Rienzo,C. and Vargas-Silva, C (2014) Migrants in the UK: an overview [online] Available from <; [02/05/2014]
Senichev, V (2013) ‘Human resource diversity and performance within the frame of organizations, teams and individuals.’ Business: Theory & Practice [online] 14 (4), 337-345. Available from <; [05/05/2014]

Simons, S. and Rowland, K. (2011) ‘Diversity and its Impact on Organizational Performance: The Influence of Diversity Constructions on Expectations and Outcomes.’ Journal of Technology Management & Innovation [online] 6 (3), 171-182. Available from <; [05/05/2014]

Ted x Talks (2012) TEDxUNC – Joseph DeSimone – Diversity as a Fundamental Tenet of Innovation [online] Available from <; [05/05/2014]

The Hofstede Centre (2014) National cultural dimensions [online] Available from <; [02/05/2014]


5 thoughts on “Yes to team diversity for better business performance

  1. Reading this blog on diversity, I can only confirm that diversity, as in my own working environment, has proven to be of great value. I work in Luxembourg for a company that has branches worldwide. For the 300 employees, our office currently has, we have more than 20 different nationalities covered. This not only provides a cultural diversity, but also provides a ticket to a global market with clients being serviced exactly as they want and require, resulting in excellent company results, both financially and culturally. I personally believe that great diversity makes people more tolerant and less scared of the “unknown”.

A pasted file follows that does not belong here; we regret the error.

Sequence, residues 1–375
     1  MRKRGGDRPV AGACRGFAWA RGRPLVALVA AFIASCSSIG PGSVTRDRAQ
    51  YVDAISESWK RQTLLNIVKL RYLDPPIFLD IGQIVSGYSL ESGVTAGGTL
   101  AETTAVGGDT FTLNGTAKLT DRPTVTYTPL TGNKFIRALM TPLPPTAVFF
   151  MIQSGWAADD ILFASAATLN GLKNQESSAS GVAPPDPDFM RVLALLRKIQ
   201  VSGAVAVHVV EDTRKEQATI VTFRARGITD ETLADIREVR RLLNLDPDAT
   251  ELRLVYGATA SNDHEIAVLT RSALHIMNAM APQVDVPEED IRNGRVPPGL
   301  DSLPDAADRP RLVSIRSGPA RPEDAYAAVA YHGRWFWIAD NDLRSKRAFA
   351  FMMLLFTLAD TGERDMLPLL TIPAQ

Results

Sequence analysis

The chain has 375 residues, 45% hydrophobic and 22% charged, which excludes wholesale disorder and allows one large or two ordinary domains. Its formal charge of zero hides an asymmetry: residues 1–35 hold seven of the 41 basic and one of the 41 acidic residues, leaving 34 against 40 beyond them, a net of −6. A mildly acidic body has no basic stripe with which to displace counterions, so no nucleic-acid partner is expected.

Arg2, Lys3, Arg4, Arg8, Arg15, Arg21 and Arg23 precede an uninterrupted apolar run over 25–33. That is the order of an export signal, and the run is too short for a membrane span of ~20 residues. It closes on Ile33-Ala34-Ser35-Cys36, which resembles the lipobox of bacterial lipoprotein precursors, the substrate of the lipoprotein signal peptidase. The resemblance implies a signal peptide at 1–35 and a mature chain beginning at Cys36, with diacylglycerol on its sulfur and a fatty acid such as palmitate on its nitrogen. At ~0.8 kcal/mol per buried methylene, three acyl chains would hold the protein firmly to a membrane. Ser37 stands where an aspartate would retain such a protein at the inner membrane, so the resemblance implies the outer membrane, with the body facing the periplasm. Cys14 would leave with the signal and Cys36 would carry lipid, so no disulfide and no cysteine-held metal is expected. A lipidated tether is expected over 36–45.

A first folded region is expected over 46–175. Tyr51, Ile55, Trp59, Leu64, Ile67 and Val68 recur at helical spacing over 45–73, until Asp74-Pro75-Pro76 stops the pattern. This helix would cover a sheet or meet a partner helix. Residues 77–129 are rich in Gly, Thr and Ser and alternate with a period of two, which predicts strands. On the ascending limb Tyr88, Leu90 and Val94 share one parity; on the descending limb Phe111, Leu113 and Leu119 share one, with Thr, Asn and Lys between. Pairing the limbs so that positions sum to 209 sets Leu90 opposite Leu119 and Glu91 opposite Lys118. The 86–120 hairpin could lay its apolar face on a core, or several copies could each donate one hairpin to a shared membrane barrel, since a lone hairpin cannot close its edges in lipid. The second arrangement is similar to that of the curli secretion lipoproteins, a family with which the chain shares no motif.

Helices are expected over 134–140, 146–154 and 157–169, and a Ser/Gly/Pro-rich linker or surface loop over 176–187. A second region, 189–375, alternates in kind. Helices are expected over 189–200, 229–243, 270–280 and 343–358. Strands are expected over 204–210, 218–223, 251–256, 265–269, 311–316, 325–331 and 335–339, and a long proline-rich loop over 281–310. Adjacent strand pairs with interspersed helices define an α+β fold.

I can only applaud and encourage more people to embrace each others differences and learn from it in any way possible.

  2. Management and leadership style at our company are based on a constant interaction between the management and the employees.
    Feedback from people on the field is of the utmost importance to maintain a healthy balance and a healthy work environment.

  3. I think that ethical behaviour depends upon the values, culture, personality of the individual. It can be influenced by religious beliefs, education and ethical norms learned through our youth. I wonder whether we can learn how to be an ethical person because you state that universities give Business Ethics as a subject…

    1. i think that ethical behaviour can definitely be encouraged and furthermore learned. For example a company can set frameworks to create more ethical operations such as a Code of Conduct. The financial services sector needs an ethical driven change to increase consumer trust after scandals such as the Libor Scandal. The sector has to avoid unethical incidents.